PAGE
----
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Households Are Aging, Changing, Struggling, and Retiring
Esri's New 2008/2013 Data Shows the 2008 Demographic State of the U.S.
The trends and figures described in this article come from Esri's 2008/2013 newly released demographic data that contains comprehensive information about the demographic changes occurring in the United States today. Esri's demographic data is available as ad hoc databases in a variety of geographies and formats; as part of the data package in ArcGIS Business Analyst desktop software; in reports and maps from Business Analyst Online, Esri's on-demand analysis tool; with ArcGIS Business Analyst Server; and in the Esri Community Sourcebook products.
The 2008/2013 updates contain new data variables plus enhanced site analysis for users of Esri's ArcGIS Business Analyst products. New data includes current-year updates of educational attainment for the population aged 25 years and older and marital status for the population aged 15 years and older. New data also includes quarterly updates of population and households. Finally, for data users who prefer to define their own trade areas, Esri has developed a current database of the block weights used to retrieve information for user-defined polygons. Polygons are preferred to standard geography by data users who focus on select areas. To date, the options available to estimate site profiles have been limited to the latest census data for the blocks that comprise the site. Because the census data is now eight years old, it can limit the accuracy of estimates for rapidly changing areas. Esri has enhanced site analysis by updating the data that is critical to capturing current information for sites that are experiencing change.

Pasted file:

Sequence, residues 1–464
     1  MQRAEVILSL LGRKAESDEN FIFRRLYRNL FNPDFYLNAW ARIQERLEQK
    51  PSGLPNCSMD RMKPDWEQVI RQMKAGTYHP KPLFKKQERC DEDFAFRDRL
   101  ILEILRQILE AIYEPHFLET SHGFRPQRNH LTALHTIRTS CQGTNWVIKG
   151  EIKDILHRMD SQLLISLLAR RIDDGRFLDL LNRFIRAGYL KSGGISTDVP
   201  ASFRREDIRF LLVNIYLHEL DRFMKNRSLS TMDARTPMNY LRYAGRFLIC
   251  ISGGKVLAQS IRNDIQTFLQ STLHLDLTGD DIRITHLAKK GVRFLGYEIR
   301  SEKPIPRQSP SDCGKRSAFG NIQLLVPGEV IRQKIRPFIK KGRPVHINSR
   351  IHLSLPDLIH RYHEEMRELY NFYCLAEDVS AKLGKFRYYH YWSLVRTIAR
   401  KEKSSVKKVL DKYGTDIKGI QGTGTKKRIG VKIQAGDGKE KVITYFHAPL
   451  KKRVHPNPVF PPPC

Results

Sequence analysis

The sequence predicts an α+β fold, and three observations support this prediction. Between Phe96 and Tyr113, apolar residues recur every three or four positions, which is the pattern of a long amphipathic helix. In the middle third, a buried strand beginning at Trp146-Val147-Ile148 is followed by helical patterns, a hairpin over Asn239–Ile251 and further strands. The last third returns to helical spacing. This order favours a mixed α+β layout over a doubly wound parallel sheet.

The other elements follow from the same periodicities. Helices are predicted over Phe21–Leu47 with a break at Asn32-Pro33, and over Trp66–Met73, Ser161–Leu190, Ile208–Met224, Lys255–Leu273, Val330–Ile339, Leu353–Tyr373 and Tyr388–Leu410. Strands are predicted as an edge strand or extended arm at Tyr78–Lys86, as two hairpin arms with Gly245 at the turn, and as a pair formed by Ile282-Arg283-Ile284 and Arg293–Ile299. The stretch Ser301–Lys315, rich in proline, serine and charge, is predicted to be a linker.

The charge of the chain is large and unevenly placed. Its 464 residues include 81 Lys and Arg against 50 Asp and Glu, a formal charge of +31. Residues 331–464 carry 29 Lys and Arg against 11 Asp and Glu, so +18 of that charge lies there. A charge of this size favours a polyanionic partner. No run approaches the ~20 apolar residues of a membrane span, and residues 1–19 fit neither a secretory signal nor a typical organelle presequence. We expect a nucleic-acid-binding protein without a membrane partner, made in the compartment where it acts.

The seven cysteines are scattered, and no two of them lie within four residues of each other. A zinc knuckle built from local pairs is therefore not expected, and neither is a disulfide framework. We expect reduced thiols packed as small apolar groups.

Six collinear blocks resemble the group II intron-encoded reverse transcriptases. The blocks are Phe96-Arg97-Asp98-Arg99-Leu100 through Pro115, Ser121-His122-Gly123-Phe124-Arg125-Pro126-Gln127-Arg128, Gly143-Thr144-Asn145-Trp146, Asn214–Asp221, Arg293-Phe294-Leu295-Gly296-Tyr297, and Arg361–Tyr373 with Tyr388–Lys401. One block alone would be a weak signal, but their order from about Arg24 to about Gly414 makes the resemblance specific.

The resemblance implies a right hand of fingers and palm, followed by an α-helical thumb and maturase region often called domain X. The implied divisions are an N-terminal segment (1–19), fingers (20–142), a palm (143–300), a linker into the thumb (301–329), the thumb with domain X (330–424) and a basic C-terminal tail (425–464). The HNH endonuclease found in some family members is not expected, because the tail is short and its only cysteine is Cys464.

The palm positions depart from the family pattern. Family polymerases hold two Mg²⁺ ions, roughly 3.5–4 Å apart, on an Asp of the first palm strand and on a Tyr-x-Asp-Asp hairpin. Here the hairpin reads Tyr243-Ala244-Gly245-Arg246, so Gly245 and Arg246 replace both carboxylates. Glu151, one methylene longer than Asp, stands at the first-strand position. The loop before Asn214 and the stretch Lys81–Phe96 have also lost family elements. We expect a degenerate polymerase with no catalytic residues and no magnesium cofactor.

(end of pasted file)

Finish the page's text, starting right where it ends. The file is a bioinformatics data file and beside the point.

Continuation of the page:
What Is the Demographic Data State of the United States in 2008?
Changes in the U.S. population, diversity, income, housing, and economy based on 2008 demographic data trends will affect how agencies, companies, and organizations respond to current customer and constituent needs. This response must include the ability to provide the correct products or services in the best locations with appropriate messaging that will attract the most people. Understanding the current demographic picture will help organizations in this effort.
Demographic changes prove one irrefutable fact: We're all aging. The median age of the U.S. population is 36.8 years, an increase of more than 1.5 years since 2000. Baby boomers aged 62 now qualify for Social Security benefits (the first wave of the "Silver Tsunami," as the cohort of 78 million baby boomers is sometimes called) and are approaching retirement. For years, the baby boom has been likened to a "pig in a python" as it moves through its life cycle. From its impact on schools in the 1950s and 1960s to its stimulus to housing growth in the 1970s, it's difficult to discount the effect of this generation.
The "face" of the U.S. population is also changingthe U.S. Diversity Index is now 60, a 1 percent annual increase in the index since 2000, when the Diversity Index was 54.6. As expected, the most diverse states are California, New Mexico, and Texas. The Hispanic population in 2008 is 47.6 million, now more than 15 percent of the total U.S. population. It is a younger populationtwo-thirds of Hispanics are younger than 35 years of ageand is growing. With growth rates of 3.7 percent per year since 2000 and a projected total of 56.6 million by 2013, Hispanics' influence on American culture is increasing. Although they are smaller population groups, Asian and non-Hispanic multiracial populations are growing by rates of 3.5 percent and 3.1 percent, respectively. The non-Hispanic white population is declining proportionately by 0.5 percentage points per year.
Even though the overall population is becoming more diverse, population growth has slowed pervasively in most areas; in more than two-thirds of U.S. counties, it has slowed. However, some regions of the United States have increased in population. Suburbs around major metro areas continue to be the fastest-growing areas: